Betancourt set for medical after hero's welcome in France
Freed Colombian politician Ingrid Betancourt faced a day of medical tests in Paris on Saturday (local time) after receiving a hero's welcome following her six-year hostage ordeal, as video footage was released of her dramatic rescue.
Snatched from the grip of Marxist FARC rebels in a Colombian army operation Wednesday, along with three US hostages and 11 Colombians, Ms Betancourt arrived in France on Friday on board a French presidential plane from Bogota.
After being feted by President Nicolas Sarkozy at the Elysee Palace, the 46-year-old former Colombian presidential candidate, who also has French nationality, was to spend Saturday undergoing an in-depth medical examination at a military hospital in Paris.
Though she told reporters she felt "in great shape," she developed a string of ailments while in captivity, possibly including hepatitis.
On her arrival at Villacoublay airbase outside Paris, Ms Betancourt walked smiling down the stairs of the plane to embrace Mr Sarkozy and First Lady Carla Bruni, waiting to welcome her to her second home.
"I am so happy to breathe the air of France. I owe France everything," she told the crowd waiting to welcome her.
"I have shed a great many tears of pain and indignation. Today I am crying with joy," she said, her voice breaking with emotion. "You saved my life."
"Ingrid Betancourt, welcome. France loves you," Mr Sarkozy told her.
Ms Betancourt paid a personal tribute to the French president, who made her release a top priority, as "this extraordinary man who fought so hard for me."
"This extraordinary, perfect operation by the Colombian army... is also the result of your struggle," she said, explaining that France staunchly opposed any armed "military operation that would put the hostages' lives in danger."
A video showing hostages angry and resigned at having their hands bound, and then minutes later sobbing with jubilation aboard a helicopter upon discovering they had been freed, was shown on Friday for the first time by Colombia military.
The video of FARC rebels benignly handing over the 15 hostages to disguised Colombian commandos was released to counter questions about the military's dramatic and bloodless coup, Defence Minister Juan Manuel Santos said.
The video shows the unarmed, disguised Colombian commandos binding the hands of the hostages with plastic cuffs, as one hostage, a Colombian soldier, angrily scolds the fake guerrillas for his treatment.
Once aboard the disguised military helicopter, the video shows Ms Betancourt and others reacting in surprise and breaking out in tears after the cuffs were removed and the soldiers revealed themselves.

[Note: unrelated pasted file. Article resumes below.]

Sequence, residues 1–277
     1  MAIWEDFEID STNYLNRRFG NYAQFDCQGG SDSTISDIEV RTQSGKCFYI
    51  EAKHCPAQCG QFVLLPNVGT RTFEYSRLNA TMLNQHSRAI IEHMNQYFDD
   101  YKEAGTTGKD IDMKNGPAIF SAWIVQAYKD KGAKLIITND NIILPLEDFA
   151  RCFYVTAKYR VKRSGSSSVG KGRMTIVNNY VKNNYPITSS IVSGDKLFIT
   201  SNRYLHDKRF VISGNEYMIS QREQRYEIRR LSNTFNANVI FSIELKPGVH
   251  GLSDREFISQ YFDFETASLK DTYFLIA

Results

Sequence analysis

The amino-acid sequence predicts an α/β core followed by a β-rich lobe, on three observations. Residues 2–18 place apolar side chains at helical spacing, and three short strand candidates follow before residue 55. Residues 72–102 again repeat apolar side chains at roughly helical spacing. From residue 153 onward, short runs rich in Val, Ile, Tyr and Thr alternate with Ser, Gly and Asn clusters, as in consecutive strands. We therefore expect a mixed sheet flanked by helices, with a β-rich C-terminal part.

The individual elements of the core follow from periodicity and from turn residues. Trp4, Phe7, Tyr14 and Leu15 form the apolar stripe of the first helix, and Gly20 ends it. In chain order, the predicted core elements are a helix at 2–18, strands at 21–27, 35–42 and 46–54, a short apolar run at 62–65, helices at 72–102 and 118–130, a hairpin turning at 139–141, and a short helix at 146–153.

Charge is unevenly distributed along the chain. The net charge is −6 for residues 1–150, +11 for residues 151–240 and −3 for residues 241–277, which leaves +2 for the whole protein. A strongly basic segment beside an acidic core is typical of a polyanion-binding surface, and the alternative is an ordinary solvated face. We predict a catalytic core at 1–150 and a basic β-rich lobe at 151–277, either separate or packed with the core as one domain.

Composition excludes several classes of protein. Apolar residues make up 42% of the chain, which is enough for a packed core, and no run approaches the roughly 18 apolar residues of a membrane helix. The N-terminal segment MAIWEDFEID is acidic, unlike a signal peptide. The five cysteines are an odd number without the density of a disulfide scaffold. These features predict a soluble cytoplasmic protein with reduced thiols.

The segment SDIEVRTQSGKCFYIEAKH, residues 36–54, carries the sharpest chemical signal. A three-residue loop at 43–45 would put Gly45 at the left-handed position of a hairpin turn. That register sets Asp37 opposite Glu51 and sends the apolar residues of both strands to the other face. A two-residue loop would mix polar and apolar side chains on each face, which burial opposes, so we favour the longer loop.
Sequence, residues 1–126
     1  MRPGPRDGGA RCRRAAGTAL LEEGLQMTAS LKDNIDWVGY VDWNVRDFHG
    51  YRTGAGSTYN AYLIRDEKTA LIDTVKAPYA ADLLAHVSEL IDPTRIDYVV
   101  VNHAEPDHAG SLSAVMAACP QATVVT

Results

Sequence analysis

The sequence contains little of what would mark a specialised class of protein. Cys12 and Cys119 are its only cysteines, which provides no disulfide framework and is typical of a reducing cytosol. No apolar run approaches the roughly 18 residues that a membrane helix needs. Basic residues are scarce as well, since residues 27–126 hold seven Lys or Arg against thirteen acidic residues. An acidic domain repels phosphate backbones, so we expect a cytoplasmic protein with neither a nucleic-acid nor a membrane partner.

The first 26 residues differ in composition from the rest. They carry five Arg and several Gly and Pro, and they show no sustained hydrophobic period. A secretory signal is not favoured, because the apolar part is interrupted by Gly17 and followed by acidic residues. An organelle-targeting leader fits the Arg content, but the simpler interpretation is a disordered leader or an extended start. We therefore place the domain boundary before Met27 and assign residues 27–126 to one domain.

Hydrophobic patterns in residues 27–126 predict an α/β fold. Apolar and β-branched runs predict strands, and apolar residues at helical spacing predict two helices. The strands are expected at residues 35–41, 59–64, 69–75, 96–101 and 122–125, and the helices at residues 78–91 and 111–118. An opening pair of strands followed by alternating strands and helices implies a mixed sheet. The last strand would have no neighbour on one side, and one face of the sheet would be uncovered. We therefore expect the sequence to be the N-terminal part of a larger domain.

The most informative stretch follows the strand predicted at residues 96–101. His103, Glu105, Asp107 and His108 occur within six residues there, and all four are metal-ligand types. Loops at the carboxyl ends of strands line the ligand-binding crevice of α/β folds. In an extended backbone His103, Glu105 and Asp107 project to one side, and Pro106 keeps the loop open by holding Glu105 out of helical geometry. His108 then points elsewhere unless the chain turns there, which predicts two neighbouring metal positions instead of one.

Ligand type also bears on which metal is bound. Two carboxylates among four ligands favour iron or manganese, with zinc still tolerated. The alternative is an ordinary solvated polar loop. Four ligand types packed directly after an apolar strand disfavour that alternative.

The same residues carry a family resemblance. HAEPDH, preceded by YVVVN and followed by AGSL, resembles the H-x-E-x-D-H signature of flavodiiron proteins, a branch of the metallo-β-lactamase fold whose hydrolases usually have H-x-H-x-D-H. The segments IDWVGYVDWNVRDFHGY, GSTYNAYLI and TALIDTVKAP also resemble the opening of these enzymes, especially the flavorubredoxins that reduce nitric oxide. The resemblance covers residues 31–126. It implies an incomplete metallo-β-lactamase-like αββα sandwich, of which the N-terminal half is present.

"This is absolutely false," Mr Santos told reporters, when asked about reports that $US20 million had been paid as ransom, and that it was all arranged in advance with a rebel commander in charge of the hostages.
Ms Betancourt was accompanied on the flight to Paris by her daughter Melanie, 22, and son Lorenzo, 19.
Speaking at the reception with her supporters at the Elysee palace, she urged Mr Sarkozy to keep working to free the hundreds of other hostages still held by Colombia's FARC rebels, Latin America's most powerful left-wing insurgency.
"Let it be clear, we will continue," the French president replied.
Paris is where Ms Betancourt grew up, studied and raised her family. Her children had waged a relentless campaign for their mother's release, making her a cause celebre in France.
Ms Betancourt said in a radio interview she had been chained up night and day for three years by her captors.
Asked whether she was tortured, she replied: "Yes, yes." She said she saw her captors lapsing into "diabolical behaviour."
"It was so monstrous that I think they themselves were disgusted," she said.
Later thousands of people watched as Ms Betancourt took down a poster of her face displayed on the Paris Town Hall during her captivity.
A fervent Catholic who called her release a "miracle of the Virgin Mary," Ms Betancourt has also been invited to meet Pope Benedict XVI.
"It is a meeting that one cannot pass up," she told AFP.
The Colombian army rescue mission was a huge triumph in President Alvaro Uribe's long battle against the leftist rebels.
A news outlet close to FARC said on Thursday the group would be open to peace talks with the Uribe government.